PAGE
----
brief stop outside where a make shift classroom is set up - tables and chairs on the lawn with
teenage students and their tutors at work in the midday sun. It is during this leg of the tour that I
overhear a young boy telling one of the co-ordinators that some boys have climbed onto the church
roof. A volunteer goes to investigate.

Ken, a potential tutor, is there for the first time and tells me he is interested in tutoring teenage
boys. His girlfriend is already a tutor and he has seen first hand how much joy it brings her. “It’s
that old thing of wanting to put back into the community”, he explains. “I’m an artist and musician,
so maybe I can do something with music.” A volunteer from the kinder room calls out for someone
to cut out shapes. Ken excuses himself. He is needed.

I can’t help but notice that almost all of the volunteers at the Footscray campus and nearly all of the
potential volunteers on the tour are young. Sue, a volunteer in the kinder room who has a caring,
warm presence about her, tells me that most are University students; but not her. She became a
volunteer with SAIL three years ago after she saw some information up on the notice board of her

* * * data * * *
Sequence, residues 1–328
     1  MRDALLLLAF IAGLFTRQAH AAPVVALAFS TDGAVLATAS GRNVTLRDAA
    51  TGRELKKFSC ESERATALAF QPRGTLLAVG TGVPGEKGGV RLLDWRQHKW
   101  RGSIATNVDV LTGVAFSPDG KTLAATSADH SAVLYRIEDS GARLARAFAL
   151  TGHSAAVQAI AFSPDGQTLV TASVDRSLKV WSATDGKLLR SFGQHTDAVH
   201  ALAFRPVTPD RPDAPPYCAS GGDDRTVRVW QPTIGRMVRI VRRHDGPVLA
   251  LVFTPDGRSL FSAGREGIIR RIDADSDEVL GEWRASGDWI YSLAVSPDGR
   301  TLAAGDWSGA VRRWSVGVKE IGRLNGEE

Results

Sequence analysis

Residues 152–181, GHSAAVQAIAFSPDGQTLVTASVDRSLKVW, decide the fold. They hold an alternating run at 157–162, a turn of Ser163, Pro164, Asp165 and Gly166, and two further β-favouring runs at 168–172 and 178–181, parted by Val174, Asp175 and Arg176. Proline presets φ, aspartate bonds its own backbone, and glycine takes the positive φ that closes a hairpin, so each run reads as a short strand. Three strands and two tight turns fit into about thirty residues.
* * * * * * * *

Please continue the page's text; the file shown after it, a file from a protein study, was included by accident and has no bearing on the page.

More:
gym and decided to find out what they did exactly. Like Ken, she too “wanted to give back to the
“It’s funny. Most people have this weird notion that volunteering is about giving, giving, giving,”
Albert tells me, “I mean yeah, you give a bit but you get so much out it. I absolutely love it. I
wouldn’t do it if I didn’t love it. And the Sudanese community are very, very welcoming.”

Amongst the things he lists as “getting” from volunteering with SAIL is the fact that he meets so
many different people, he hears so many different experiences from people and what they have
been through and that it makes him a real part of the community.

“You get so much out of it”, he continues, “that at the end of the day it becomes a selfish

Whilst Albert convinces me that he loves what he does, I am not convinced that anything he does for
SAIL is selfish. After all, this is a man who oversees three campuses that cater for around 400
students. He, along with his team, manages a team of 250 “phenomenal volunteers” – tutors, mini
bus drivers, people who help to make lunches – and he does it all without being paid a cent for it.
He still needs to earn a living; in fact he is a lawyer. As for SAIL, it is funded by various philanthropic

Nagi Gasin has never heard of SAIL. He is a quiet man from the north of Sudan, where things are
relatively peaceful. “There is no war in the north,” he tells me. “Not like in the south”. Gasin has
lived in Footscray for a year, having left Sudan for a better standard of living. “The salary in Sudan is
not good,” he tells me. He was a lecturer at a College of Music & Drama in his homeland and has a